RProgN, 142 Bytes, Non-competing
function tostack 'b' asoc stack 'a' asoc 0 'v' asoc b pop byte 'o' asoc b len while [ v o b pop byte ] 'o' asoc - + 'v' asoc b len end [ v end
Non-competing, as the 'tostack' command was added after the discovery of this challenge (even though it has a terrible byte count)
function # Push the function between this and end to the stack
tostack 'b' asoc # Convert the implicit input to a stack, associate it with 'b'
0 'v' asoc # Push 0 to the stack, associate it with 'v'
b pop byte 'o' asoc # Pop the top value of b (The end of the input), get the byte value, associate it with 'o'.
b len # Push the size of b to the stack
while [ # While the top of the stack is truthy, pop the top of the stack
v # Push v to the stack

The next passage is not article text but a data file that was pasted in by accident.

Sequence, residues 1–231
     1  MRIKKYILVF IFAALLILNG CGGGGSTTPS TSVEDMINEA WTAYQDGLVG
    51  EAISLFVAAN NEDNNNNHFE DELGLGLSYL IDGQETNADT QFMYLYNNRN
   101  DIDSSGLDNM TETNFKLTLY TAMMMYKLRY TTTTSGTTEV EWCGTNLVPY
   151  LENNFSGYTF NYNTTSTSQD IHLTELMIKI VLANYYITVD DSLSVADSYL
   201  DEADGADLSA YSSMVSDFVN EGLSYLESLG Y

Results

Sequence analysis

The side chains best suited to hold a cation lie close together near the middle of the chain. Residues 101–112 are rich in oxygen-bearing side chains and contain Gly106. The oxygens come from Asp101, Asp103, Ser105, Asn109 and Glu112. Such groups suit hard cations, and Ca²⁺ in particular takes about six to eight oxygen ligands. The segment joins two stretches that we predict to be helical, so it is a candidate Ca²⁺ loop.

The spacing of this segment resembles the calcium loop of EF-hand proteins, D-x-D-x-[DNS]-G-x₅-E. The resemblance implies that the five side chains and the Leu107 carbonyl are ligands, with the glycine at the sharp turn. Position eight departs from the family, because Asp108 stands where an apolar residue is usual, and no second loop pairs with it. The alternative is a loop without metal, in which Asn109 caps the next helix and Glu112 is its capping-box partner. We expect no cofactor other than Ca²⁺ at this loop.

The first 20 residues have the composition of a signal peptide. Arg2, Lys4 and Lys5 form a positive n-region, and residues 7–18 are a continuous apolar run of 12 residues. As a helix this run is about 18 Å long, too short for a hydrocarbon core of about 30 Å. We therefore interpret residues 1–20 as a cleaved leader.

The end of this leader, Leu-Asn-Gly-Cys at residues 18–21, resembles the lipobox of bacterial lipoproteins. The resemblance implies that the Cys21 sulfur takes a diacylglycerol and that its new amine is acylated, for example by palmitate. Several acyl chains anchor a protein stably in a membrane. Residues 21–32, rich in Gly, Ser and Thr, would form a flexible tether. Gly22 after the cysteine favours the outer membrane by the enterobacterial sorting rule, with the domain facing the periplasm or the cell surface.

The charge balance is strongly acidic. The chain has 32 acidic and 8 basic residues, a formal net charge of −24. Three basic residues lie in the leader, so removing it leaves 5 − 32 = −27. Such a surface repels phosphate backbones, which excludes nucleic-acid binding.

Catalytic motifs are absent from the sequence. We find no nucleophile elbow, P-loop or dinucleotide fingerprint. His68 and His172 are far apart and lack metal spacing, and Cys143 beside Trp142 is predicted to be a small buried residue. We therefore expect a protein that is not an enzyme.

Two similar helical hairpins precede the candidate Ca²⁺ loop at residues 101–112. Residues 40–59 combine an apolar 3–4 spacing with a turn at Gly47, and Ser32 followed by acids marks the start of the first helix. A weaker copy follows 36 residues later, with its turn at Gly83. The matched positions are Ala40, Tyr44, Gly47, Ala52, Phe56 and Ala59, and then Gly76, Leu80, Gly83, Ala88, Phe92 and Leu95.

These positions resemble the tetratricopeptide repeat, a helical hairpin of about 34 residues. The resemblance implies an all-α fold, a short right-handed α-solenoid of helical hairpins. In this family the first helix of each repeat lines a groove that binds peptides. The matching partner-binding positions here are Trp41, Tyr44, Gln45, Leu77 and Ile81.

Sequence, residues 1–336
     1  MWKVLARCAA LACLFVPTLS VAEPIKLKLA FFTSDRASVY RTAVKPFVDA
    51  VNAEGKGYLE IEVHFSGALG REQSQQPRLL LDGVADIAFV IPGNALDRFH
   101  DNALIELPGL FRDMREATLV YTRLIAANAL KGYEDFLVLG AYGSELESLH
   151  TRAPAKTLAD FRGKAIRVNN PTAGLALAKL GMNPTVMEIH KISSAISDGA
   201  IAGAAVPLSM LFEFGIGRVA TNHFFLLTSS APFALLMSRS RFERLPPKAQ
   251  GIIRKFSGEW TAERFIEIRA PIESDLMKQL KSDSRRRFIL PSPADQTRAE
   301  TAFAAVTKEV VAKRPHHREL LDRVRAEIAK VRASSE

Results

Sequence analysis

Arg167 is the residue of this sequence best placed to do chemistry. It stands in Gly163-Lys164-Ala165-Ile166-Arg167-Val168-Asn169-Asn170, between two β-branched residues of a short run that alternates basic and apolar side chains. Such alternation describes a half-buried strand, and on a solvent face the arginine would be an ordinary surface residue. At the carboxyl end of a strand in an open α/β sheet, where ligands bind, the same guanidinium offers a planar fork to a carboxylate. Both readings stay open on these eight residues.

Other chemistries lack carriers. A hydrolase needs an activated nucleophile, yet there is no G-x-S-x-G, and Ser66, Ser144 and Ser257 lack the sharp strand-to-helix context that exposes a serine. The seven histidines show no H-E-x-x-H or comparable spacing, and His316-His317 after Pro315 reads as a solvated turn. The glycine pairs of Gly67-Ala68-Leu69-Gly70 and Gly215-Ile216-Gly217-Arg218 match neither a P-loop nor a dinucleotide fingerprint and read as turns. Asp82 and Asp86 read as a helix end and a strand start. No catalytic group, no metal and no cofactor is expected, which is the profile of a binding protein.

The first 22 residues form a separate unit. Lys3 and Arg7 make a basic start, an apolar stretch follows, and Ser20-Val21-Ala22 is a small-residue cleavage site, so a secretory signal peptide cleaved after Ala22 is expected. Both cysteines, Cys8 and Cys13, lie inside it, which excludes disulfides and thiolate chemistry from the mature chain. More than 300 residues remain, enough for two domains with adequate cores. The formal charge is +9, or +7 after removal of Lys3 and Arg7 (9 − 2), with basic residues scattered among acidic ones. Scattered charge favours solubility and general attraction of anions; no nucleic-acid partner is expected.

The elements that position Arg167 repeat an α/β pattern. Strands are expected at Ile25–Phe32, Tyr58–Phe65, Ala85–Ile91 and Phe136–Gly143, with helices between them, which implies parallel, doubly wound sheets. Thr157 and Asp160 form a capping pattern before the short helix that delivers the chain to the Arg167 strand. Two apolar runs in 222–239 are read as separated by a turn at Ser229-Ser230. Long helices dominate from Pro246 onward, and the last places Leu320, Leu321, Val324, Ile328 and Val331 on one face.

o # Push o to the stack
b pop byte # Pop the top value of b, push the byte value of that to the stack
] 'o' asoc # Push a copy of the top of the stack, associate it with 'o'
- # Subtract the top of the stack from one underneith that, In this case, the old value of o and the byte.
+ # Sum the top of the stack and underneith that, that is, the difference of the old value and new, and the total value
'v' asoc # Associate it with 'v'
b len # Push the size of b to the stack (which acts as the conditional for the next itteration)
end [ # Pop the top of the stack, which will likely be the left over size of b
v # Push the value of v to the top of the stack
end # Implicitely returned / printed
RProgN is an esoteric language I've been working on with Reverse Polish Notation in mind. It's currently pretty verbose, with it's variable assignment being 4 characters, and such, however I plan to in future add a bit of syntatic sugar.
Also, RProgN implicitly accesses arguments from the stack, and returns them the same way. Any string data left in the stack after the program has finished, is implicitly printed.